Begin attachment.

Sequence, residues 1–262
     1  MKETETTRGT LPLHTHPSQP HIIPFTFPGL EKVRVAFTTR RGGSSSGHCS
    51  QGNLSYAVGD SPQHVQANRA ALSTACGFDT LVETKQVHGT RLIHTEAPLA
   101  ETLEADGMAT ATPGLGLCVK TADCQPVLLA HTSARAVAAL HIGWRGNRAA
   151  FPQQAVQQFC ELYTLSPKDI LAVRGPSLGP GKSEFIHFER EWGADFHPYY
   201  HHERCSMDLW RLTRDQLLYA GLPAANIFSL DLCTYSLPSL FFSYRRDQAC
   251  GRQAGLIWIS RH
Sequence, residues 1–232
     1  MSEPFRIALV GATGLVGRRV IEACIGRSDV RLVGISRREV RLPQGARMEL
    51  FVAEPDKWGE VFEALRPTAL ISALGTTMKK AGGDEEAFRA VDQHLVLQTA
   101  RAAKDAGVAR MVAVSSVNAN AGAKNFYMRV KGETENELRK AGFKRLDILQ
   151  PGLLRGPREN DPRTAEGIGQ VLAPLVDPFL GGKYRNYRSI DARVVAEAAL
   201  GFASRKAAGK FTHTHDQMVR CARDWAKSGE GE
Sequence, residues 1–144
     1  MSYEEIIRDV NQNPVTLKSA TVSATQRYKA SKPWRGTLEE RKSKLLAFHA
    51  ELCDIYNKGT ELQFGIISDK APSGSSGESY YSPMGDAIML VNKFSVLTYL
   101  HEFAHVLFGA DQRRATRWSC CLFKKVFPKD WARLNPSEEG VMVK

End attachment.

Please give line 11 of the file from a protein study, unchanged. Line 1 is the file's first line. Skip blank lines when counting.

   101  RAAKDAGVAR MVAVSSVNAN AGAKNFYMRV KGETENELRK AGFKRLDILQ